“This is dangerous. The American public needs to have absolutely no doubt FDA is basing its decisions on science, not the President’s conspiracy theories,” Murray said in a news release.

“But instead of listening to the experts and encouraging them to do their job and follow the science, President Trump is attacking them. The President’s misinformation campaign makes it more important than ever that FDA engage in a transparent and rigorous process in its review of the safety and efficacy of COVID-19 vaccines and therapies, including making public clinical data and information underlying any decision to approve or authorize a COVID-19 vaccine.”

Until recently, Trump praised the FDA for moving quickly on coronavirus treatments and vaccines. But on Wednesday, he claimed the agency was delaying authorizing convalescent plasma, an old treatment used for other infectious diseases but the effectiveness of which for COVID-19 has not been proved. “You have a lot of people over there that don’t want to rush things,” he said at a White House briefing. “They want to do it after Nov. 3.”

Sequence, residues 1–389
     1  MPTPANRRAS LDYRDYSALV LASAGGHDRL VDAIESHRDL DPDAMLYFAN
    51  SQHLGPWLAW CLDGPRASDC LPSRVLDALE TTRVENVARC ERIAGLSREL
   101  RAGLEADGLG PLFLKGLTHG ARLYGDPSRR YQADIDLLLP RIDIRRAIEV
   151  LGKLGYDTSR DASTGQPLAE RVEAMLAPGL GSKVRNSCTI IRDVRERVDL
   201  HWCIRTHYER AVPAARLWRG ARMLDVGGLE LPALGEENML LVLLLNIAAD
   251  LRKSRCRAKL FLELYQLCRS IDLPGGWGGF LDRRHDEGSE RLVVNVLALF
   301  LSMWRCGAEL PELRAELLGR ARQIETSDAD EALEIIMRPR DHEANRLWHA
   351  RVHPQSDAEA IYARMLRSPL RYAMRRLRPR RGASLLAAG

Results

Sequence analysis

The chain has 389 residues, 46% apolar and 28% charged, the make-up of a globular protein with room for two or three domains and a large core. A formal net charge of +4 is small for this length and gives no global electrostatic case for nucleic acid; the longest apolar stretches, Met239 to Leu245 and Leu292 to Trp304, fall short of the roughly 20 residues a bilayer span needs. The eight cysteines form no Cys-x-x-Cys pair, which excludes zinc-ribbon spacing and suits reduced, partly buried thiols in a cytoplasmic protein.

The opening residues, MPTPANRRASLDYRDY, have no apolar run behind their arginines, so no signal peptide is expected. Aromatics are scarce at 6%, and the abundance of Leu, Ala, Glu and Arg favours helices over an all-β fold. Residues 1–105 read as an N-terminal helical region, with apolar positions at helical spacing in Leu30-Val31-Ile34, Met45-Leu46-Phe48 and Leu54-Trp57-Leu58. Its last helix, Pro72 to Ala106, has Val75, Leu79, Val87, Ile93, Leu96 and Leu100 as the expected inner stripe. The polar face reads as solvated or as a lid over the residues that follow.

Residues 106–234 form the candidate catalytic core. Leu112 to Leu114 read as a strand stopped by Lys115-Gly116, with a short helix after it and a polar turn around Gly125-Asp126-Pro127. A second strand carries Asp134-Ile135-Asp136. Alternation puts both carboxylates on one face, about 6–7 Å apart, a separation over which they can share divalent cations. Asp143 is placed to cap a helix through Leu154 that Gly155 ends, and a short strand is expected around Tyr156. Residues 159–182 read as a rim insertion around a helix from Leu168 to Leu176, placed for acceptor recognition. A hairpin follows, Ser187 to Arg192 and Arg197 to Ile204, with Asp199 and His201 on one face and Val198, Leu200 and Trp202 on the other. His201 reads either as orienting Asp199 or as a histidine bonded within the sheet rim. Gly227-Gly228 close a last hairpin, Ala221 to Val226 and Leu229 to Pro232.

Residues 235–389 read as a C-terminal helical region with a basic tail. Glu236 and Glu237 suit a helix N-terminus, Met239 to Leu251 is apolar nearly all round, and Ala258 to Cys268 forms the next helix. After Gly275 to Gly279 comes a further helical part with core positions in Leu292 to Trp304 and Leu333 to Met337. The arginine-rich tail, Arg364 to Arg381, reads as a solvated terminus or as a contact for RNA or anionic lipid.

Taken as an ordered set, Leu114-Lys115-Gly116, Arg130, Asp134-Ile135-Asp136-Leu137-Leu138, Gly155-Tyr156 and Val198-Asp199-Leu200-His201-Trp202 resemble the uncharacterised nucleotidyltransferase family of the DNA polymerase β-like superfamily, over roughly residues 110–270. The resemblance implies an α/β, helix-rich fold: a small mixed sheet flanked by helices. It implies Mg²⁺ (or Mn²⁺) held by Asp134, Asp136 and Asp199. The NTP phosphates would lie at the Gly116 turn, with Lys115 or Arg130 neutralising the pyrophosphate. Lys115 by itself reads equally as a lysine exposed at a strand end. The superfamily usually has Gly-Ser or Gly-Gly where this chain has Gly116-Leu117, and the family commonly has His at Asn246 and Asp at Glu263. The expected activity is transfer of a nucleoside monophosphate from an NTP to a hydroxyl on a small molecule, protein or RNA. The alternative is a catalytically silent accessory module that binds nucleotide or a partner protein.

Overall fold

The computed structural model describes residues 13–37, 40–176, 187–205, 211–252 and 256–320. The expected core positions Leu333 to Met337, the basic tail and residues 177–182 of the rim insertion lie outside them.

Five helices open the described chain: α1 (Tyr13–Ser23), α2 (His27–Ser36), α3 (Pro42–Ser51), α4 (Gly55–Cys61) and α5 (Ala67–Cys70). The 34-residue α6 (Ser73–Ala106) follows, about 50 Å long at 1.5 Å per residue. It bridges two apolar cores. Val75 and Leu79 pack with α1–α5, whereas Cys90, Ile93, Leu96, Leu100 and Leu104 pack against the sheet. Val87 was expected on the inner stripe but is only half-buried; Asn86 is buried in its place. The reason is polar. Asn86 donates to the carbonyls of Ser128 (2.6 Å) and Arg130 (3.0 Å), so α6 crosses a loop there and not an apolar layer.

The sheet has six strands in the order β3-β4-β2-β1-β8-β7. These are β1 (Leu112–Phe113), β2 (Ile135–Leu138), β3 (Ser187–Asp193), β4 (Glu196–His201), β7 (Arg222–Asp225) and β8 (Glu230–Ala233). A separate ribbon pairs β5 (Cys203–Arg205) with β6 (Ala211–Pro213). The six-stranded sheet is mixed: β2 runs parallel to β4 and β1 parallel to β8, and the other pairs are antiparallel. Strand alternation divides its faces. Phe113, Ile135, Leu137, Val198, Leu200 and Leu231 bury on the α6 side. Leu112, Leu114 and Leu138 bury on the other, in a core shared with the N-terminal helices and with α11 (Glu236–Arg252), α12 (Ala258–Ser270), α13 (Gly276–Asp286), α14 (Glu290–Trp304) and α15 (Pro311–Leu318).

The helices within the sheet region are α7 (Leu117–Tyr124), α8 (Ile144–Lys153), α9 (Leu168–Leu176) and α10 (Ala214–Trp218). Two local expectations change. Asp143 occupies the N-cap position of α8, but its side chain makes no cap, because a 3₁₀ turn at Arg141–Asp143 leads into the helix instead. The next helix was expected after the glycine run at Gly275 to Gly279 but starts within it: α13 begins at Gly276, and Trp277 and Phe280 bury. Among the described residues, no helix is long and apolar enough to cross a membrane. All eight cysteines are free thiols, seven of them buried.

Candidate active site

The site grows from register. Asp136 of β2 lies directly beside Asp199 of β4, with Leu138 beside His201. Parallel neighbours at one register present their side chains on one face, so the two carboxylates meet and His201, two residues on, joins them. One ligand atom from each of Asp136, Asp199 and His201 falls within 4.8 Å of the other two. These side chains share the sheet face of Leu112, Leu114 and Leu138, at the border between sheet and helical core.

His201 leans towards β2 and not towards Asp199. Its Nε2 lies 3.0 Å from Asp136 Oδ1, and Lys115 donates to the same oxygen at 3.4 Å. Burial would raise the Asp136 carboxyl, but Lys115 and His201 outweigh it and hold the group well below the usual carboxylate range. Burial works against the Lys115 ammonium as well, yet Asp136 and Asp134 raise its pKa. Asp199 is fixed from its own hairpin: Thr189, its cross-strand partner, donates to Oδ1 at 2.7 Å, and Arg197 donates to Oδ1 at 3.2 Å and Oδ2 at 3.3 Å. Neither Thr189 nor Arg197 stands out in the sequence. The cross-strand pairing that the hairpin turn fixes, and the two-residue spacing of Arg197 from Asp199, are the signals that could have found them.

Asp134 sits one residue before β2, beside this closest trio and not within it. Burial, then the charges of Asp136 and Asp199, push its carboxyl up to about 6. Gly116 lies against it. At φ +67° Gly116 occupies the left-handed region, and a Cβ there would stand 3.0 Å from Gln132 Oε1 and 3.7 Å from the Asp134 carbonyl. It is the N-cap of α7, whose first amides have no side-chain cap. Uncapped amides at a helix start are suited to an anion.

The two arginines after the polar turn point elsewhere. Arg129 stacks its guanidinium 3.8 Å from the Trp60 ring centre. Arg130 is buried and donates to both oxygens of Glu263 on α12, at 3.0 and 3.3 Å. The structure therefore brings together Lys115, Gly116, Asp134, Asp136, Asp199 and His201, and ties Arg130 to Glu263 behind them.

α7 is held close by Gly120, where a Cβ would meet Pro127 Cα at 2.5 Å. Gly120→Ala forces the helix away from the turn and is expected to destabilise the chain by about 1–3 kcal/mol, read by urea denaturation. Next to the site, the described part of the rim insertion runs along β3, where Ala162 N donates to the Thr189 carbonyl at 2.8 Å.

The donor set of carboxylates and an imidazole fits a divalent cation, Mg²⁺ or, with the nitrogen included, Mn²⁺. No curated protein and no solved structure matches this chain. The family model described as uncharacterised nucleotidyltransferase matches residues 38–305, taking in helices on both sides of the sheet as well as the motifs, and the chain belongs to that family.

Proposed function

Trump’s Saturday tweet drew swift criticism from scientists, former FDA officials and representatives of the drug industry.

Read more here.

—The Washington Post and Daniel Beekman

How does coronavirus spread at a concert? Germans do a test

German researchers studying COVID-19 held a pop concert Saturday to see how those attending could spread coronavirus if they had it.

About 1,500 people took part in the experiment run by the University Hospital in Halle, each taking a coronavirus test ahead of time, testing negative, and having to wear protective masks throughout the day’s testing.

Researchers equipped each volunteer with contact tracers to record their routes in the arena and track the path of the aerosols — the small particles that could carry the virus — they emitted as they mingled and talked. Fluorescent disinfectants were used to highlight which surfaces at the mock concert were touched most frequently.

Read the full story here.

—The Associated Press

Pullman sees ‘substantial increase’ in cases around WSU's Greek Row

Whitman County Public Health announced 30 new COVID-19 cases on Saturday. Many were traced back to gatherings around Washington State University’s Greek Row, said a spokesperson for the Pullman university. (Alan Berner / The Seattle Times, 2011)